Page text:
Bank of America Said to Cut More Than 20 Prop Trading Jobs

Discussion in 'Professional Trading' started by ASusilovic, Sep 29, 2010.

  1. Sept. 29 (Bloomberg) -- Bank of America Corp., the largest U.S. bank, is eliminating between 20 and 30 proprietary trading jobs to comply with Volcker rule limits on banks trading their own capital, according to a person briefed on the decision.

    The cuts, which represent fewer than one third of the bank’s proprietary trading jobs, follow a decision this week to stop trading some liquid instruments, said the person, who declined to be more specific. Some of the affected employees are being encouraged to seek jobs within the bank, the person said, speaking anonymously because the matter isn’t public. The positions are in New York and outside the U.S.

    “We continue to explore the best possible ways to comply with the Volcker rule and this is one step in that direction,” said Jessica Oppenheim, a spokeswoman in New York for the Charlotte, North Carolina-based bank.

    Bank of America follows competitors including Goldman Sachs Group Inc. and JPMorgan Chase & Co. in taking steps to comply with the Dodd-Frank financial overhaul legislation passed in July. The Volcker rule, named after former Federal Reserve Chairman Paul Volcker, who proposed it, bans bank holding companies that have federally insured deposits from trading for their own accounts.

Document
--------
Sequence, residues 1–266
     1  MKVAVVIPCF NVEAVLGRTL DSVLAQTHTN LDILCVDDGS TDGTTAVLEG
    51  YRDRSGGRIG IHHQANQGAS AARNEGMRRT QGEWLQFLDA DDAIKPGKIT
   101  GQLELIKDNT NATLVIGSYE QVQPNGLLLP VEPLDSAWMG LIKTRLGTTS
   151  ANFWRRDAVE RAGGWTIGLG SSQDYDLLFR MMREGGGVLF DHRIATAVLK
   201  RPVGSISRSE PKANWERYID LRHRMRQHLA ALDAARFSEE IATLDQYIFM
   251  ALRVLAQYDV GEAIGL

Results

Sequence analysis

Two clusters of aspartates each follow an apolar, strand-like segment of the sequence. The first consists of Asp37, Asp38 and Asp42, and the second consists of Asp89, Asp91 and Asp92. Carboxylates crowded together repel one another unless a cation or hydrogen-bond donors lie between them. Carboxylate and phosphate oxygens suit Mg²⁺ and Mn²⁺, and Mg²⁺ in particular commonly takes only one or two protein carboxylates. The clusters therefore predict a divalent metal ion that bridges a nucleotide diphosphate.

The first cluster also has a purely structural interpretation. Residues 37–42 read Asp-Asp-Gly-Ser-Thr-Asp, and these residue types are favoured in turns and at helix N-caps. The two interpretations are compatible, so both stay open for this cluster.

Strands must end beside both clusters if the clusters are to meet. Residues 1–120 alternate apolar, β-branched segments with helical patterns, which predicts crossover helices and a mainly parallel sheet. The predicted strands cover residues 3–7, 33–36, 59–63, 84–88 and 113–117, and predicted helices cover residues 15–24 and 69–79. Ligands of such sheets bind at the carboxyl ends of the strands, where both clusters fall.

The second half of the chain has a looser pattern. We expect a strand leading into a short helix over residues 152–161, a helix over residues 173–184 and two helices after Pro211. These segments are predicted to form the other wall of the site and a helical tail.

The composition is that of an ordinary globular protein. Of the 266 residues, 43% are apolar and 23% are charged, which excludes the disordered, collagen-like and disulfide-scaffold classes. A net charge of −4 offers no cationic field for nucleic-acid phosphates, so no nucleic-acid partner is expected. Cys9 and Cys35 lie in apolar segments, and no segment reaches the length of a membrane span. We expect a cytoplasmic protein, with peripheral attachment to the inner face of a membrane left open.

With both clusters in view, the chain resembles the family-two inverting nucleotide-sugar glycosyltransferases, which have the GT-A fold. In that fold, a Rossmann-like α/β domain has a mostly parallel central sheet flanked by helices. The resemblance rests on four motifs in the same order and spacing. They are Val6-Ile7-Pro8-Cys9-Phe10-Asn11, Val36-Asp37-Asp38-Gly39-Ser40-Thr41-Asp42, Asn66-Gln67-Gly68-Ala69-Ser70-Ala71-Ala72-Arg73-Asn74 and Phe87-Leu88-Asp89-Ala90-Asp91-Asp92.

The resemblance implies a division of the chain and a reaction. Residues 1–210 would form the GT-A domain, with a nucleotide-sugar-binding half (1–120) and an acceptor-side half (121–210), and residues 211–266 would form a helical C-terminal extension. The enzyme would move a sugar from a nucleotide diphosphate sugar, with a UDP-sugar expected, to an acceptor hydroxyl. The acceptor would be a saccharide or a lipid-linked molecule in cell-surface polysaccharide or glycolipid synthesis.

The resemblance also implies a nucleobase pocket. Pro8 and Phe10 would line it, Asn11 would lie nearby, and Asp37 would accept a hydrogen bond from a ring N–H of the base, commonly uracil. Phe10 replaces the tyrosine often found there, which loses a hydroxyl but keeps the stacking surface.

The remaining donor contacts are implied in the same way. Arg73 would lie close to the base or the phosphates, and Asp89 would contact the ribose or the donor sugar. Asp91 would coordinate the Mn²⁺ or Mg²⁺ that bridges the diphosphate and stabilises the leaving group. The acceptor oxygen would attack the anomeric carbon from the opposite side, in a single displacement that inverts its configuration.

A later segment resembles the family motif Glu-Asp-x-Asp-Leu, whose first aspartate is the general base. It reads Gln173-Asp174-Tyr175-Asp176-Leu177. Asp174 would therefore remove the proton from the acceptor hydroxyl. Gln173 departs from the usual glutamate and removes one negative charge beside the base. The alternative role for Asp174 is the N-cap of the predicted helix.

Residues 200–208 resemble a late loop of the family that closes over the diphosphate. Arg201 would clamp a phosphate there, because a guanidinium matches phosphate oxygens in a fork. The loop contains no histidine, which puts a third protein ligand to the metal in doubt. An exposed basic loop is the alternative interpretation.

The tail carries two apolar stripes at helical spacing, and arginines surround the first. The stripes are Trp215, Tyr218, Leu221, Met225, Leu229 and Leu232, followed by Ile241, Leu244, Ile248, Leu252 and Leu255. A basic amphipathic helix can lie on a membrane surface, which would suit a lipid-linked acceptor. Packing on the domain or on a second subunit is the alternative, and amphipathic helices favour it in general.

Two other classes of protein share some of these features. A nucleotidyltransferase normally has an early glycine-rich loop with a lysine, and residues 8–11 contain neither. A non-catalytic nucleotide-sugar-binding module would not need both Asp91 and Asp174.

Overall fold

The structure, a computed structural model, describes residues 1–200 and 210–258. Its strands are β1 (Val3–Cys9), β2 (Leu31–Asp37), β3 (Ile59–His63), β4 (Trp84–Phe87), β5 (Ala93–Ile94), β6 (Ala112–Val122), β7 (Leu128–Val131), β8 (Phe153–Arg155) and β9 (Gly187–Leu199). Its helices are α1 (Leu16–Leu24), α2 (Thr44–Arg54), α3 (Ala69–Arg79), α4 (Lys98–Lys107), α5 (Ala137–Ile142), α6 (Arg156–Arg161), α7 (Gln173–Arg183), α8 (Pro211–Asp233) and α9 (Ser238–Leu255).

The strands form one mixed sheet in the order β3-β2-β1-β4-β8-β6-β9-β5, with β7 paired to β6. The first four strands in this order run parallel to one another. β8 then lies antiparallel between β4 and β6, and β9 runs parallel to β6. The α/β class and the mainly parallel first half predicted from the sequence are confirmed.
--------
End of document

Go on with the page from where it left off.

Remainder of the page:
Bank of America’s proprietary trading business is run globally by David Sobotka. He’s a former Merrill Lynch & Co. commodities trader who later headed Merrill Lynch’s fixed-income trading division before taking charge of proprietary trading in August 2008. That was less than two months before Merrill Lynch agreed to be acquired by Bank of America.

    The group was created to consolidate teams that traded the firm’s own capital in products including stocks, bonds, currencies and commodities. Sobotka remains in his position, the person briefed on the matter said. The jobs that are being cut will be fully eliminated in the fourth quarter, the person said.

    Bye, bye. Welcome in the free market economy! Government sponsored jobs no more...
  2. All props end up losing money in the long run.
    Banks are better passively investing in an index fund or on T-Bonds, and they know it.

    This being said, Why should banks keep people who cause them losses?
  3. businessstaxes

    businessstaxes Guest

    why don't you take your b.s. lies comments and shove it.

    these bank props at goldman sachs is 20% of the companies reported profits. goldman sachs prop desk made billions in profits.

    banks can't participate in the market with fed money or client money--bannned by the gov't banks if they want bank status